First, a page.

Newt Gingrich: Rick Perry endorsement ‘will make a very big difference’
By Felicia Sonmez,
Former House speaker Newt Gingrich (R-Ga.) said Thursday that he expects Texas Gov. Rick Perry’s decision to drop out of the White House race and endorse his bid will be “very helpful” to his campaign.<iframe width=”454” height=”261” src=”http://www.youtube.com/embed/6N0pCslg2DI” frameborder=”0” allowfullscreen></iframe>
“It’s another step,” Gingrich told PBS’s Gwen Ifill in an interview that will air Thursday night, according to an early excerpt. “I think, frankly, when Michele Bachmann stepped out, when Herman Cain stepped out, at each stage — and even a little bit with Tim Pawlenty — at each stage you began to see conservatives who would not go to Romney because he was just too liberal for their background.”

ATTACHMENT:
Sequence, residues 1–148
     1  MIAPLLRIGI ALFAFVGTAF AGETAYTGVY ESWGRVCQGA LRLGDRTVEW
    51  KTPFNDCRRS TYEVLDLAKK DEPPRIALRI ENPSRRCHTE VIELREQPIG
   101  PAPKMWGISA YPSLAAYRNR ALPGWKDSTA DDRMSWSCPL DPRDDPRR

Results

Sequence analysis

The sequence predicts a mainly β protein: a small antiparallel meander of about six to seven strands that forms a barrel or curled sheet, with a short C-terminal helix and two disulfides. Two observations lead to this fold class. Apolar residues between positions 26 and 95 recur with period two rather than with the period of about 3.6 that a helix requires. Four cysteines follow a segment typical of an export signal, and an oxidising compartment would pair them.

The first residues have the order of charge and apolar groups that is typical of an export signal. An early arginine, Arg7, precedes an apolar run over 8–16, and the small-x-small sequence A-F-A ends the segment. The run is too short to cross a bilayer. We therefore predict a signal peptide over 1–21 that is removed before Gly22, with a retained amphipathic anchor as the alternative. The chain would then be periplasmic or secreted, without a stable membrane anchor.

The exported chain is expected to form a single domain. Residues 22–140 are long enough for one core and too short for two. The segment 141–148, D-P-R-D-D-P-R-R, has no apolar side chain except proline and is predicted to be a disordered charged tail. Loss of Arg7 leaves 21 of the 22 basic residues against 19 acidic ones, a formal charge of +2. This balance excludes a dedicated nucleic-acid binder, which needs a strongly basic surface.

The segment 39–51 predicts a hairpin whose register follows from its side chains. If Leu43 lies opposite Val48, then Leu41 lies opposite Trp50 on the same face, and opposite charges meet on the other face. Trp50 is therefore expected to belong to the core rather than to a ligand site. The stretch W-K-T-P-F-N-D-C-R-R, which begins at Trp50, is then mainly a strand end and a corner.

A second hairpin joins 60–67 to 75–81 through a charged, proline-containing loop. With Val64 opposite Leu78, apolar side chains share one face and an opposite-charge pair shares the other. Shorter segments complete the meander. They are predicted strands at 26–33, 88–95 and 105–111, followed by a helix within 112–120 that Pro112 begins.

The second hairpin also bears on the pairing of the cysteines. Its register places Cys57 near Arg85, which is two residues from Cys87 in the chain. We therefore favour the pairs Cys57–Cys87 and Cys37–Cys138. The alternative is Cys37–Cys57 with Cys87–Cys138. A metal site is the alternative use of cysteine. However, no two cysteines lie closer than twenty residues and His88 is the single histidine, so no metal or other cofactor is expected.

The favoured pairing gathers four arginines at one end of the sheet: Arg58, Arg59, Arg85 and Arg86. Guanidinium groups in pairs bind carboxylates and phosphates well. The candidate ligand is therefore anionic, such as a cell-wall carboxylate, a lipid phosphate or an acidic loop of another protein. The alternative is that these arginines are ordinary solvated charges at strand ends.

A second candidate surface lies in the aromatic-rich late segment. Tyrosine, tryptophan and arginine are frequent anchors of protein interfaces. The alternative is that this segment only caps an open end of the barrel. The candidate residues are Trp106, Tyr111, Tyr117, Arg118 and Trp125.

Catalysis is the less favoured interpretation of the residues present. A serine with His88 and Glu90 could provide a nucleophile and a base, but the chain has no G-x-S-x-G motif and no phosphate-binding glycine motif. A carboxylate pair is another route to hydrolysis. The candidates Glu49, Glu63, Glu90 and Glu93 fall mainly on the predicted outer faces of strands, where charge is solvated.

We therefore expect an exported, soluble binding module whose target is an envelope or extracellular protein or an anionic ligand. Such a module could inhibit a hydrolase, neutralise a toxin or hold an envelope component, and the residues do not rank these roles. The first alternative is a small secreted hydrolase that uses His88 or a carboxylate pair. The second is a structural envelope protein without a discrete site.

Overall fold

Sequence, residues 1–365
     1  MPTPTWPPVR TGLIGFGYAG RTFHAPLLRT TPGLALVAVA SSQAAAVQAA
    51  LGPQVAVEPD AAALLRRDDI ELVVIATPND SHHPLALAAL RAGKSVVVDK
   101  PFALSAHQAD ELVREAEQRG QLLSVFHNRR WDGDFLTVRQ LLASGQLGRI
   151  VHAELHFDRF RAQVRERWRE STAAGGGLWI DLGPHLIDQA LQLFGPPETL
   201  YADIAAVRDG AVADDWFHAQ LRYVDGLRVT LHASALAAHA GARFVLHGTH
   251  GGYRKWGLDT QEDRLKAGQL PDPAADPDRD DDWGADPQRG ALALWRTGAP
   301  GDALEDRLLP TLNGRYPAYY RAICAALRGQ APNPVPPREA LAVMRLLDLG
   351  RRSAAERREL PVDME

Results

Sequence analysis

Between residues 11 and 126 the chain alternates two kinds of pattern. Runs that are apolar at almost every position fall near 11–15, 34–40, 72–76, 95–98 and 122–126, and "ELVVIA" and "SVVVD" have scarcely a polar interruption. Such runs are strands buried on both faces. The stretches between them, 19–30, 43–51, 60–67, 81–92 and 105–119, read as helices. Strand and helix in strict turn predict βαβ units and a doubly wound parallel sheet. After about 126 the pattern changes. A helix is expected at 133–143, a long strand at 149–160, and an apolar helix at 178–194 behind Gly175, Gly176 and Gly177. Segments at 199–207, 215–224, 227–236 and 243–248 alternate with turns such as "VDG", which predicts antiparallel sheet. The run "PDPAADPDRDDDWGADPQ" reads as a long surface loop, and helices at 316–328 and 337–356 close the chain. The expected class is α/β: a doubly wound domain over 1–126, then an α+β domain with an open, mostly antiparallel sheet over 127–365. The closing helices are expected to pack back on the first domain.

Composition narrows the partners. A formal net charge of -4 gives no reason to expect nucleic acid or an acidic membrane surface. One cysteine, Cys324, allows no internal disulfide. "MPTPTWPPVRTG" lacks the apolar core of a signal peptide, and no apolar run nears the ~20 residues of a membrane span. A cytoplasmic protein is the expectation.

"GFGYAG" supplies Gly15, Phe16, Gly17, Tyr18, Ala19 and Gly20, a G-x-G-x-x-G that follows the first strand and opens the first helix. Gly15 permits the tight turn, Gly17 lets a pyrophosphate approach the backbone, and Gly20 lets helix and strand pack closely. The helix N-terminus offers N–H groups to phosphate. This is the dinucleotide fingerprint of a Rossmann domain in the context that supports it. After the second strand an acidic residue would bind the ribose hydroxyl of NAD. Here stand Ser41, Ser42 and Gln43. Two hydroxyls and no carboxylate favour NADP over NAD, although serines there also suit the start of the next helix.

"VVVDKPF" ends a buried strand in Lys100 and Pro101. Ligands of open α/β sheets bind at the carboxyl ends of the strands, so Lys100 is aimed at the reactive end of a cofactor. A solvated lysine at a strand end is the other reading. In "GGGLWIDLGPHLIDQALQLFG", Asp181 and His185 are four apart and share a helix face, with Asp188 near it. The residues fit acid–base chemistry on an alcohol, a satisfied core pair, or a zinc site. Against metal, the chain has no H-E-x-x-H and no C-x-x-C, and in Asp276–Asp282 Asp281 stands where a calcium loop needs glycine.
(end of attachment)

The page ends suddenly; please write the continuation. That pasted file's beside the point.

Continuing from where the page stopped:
“And so, I think that Governor Perry actually endorsing me today was very helpful and I think will make a very big difference both around the country and an enormous difference in Texas,” he added.
Asked whether he thought former senator Rick Santorum (R-Pa.) should drop out of the race — as Gingrich earlier suggested he should — the former House speaker said that Santorum “has every right” to stay in the race.
“Well, Rick Santorum has to do what he wants to,” Gingrich said. “But people, after all, said back in June and July that I was dead, and I didn’t stop. So Rick has every right to keep running. He just, after all, was declared the winner in Iowa.”
Gingrich noted, however, that he plans to make “a very direct appeal” for Santorum’s backers.
“If you look at the polling numbers, I am the only candidate who could potentially stop Mitt Romney,” he said. “And so voters who don’t want a Massachusetts moderate — or, by the standard of most Republicans, a liberal — I’m the only practical vote in order to stop him.”
The interview comes hours ahead of a key debate and two days before the GOP’s first-in-the-South primary in South Carolina, where Gingrich is hoping for a strong showing — even as he contends with the decision by his former wife, Marianne Gingrich, to go public with the private details of her 18-year marriage to the candidate.